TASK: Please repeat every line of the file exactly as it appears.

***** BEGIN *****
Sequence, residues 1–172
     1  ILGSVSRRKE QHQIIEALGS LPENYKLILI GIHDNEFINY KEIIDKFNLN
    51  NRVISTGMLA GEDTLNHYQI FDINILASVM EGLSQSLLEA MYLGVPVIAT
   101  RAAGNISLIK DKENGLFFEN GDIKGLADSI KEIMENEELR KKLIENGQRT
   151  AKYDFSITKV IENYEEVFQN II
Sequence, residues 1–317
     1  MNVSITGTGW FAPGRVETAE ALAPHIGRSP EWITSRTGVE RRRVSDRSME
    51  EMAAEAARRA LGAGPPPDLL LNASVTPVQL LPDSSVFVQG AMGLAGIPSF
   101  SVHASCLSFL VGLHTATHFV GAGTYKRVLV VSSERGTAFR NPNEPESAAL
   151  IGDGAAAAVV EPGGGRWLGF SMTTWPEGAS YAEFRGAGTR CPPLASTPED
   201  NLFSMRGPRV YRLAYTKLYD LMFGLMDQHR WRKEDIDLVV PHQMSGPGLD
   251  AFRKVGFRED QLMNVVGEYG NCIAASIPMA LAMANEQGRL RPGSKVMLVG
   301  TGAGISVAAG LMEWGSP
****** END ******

Sequence, residues 1–172
     1  ILGSVSRRKE QHQIIEALGS LPENYKLILI GIHDNEFINY KEIIDKFNLN
    51  NRVISTGMLA GEDTLNHYQI FDINILASVM EGLSQSLLEA MYLGVPVIAT
   101  RAAGNISLIK DKENGLFFEN GDIKGLADSI KEIMENEELR KKLIENGQRT
   151  AKYDFSITKV IENYEEVFQN II
Sequence, residues 1–317
     1  MNVSITGTGW FAPGRVETAE ALAPHIGRSP EWITSRTGVE RRRVSDRSME
    51  EMAAEAARRA LGAGPPPDLL LNASVTPVQL LPDSSVFVQG AMGLAGIPSF
   101  SVHASCLSFL VGLHTATHFV GAGTYKRVLV VSSERGTAFR NPNEPESAAL
   151  IGDGAAAAVV EPGGGRWLGF SMTTWPEGAS YAEFRGAGTR CPPLASTPED
   201  NLFSMRGPRV YRLAYTKLYD LMFGLMDQHR WRKEDIDLVV PHQMSGPGLD
   251  AFRKVGFRED QLMNVVGEYG NCIAASIPMA LAMANEQGRL RPGSKVMLVG
   301  TGAGISVAAG LMEWGSP